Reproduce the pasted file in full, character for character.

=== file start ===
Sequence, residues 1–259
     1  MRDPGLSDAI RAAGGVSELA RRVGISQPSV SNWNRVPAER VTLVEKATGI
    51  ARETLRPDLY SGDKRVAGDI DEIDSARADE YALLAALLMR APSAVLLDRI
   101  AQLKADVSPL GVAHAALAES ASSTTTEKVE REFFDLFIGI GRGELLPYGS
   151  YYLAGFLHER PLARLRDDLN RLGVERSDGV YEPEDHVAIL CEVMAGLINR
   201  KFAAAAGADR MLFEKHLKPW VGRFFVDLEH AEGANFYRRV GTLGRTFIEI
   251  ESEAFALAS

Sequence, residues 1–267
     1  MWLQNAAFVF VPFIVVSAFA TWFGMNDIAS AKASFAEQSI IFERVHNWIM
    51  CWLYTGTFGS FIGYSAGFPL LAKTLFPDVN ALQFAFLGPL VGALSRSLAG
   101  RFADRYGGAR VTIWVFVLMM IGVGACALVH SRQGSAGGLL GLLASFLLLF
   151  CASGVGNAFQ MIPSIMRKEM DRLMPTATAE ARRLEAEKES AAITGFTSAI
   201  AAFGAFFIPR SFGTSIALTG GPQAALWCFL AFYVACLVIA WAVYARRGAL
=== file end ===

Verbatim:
Sequence, residues 1–259
     1  MRDPGLSDAI RAAGGVSELA RRVGISQPSV SNWNRVPAER VTLVEKATGI
    51  ARETLRPDLY SGDKRVAGDI DEIDSARADE YALLAALLMR APSAVLLDRI
   101  AQLKADVSPL GVAHAALAES ASSTTTEKVE REFFDLFIGI GRGELLPYGS
   151  YYLAGFLHER PLARLRDDLN RLGVERSDGV YEPEDHVAIL CEVMAGLINR
   201  KFAAAAGADR MLFEKHLKPW VGRFFVDLEH AEGANFYRRV GTLGRTFIEI
   251  ESEAFALAS

Sequence, residues 1–267
     1  MWLQNAAFVF VPFIVVSAFA TWFGMNDIAS AKASFAEQSI IFERVHNWIM
    51  CWLYTGTFGS FIGYSAGFPL LAKTLFPDVN ALQFAFLGPL VGALSRSLAG
   101  RFADRYGGAR VTIWVFVLMM IGVGACALVH SRQGSAGGLL GLLASFLLLF
   151  CASGVGNAFQ MIPSIMRKEM DRLMPTATAE ARRLEAEKES AAITGFTSAI
   201  AAFGAFFIPR SFGTSIALTG GPQAALWCFL AFYVACLVIA WAVYARRGAL